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It’s Hard to Believe These Are Migraine Symptoms (But They Are)

Working on an Migraine.com article about all the migraine symptoms that most people have no idea are related to migraine reminded me of the list of symptoms I made for my internist in 2008. The list of all the weird things happening in my body that seemed to have no explanation was more than a page long. My doctor had no idea what they could point to. Now I know that, except for cold sores, they were all migraine symptoms.

I’m a little uncomfortable sharing such a private list, but I think it’s important to show some of the possible varied and strange migraine symptoms, as well as how severe migraine can be. Most of them are direct migraine symptoms, but some were a result of migraine symptoms (like tingling arms, which was part of a cascade of physical reactions due to constant neck pain that ultimately resulted in pinched nerves). Certain symptoms were so normal that I didn’t even think to include them on the list, like tooth sensitivity, earaches, eye irritation, or neck pain. Others were such common migraine symptoms that I didn’t mention them. Still others I was embarrassed to reveal, like hallucinating sounds.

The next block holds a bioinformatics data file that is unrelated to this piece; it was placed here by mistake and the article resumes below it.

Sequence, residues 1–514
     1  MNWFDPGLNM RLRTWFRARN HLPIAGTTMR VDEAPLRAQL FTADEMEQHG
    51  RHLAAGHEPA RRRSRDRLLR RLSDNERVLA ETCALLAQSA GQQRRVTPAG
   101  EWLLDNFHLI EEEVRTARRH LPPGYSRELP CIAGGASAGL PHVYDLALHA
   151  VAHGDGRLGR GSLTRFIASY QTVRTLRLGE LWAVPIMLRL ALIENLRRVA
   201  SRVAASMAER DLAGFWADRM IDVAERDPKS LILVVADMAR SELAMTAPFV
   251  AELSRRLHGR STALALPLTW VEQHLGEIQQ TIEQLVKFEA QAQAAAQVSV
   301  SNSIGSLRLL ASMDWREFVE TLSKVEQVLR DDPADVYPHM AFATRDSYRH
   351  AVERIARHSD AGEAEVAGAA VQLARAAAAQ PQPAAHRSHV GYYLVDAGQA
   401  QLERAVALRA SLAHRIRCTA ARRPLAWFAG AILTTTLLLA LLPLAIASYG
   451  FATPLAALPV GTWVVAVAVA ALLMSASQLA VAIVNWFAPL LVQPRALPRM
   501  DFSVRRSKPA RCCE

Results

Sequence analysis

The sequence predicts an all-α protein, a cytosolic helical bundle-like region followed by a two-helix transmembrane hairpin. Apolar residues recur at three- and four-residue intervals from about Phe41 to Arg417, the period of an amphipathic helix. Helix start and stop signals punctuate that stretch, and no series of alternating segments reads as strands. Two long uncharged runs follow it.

It’s odd to think that we can be in our bodies and still not be able to figure out what’s going on or dismiss the signals that something’s not working right. But we do it all the time. I have lived with chronic migraine for the vast majority of my life and have been writing about it for nearly 10 years. Still, it’s only been in the last year that I’ve been able to connect the last of these weird symptoms to migraine.

This list doesn’t represent all of my symptoms or even the worst I experienced, but they came shortly after the turning point when my illness went from bad to terrible, in June 2007. My symptoms continued to worsen for another 2.5 years. I lived it and still have trouble believing how incredibly sick I was. It’s no wonder people without migraine have no idea how severe this illness can be.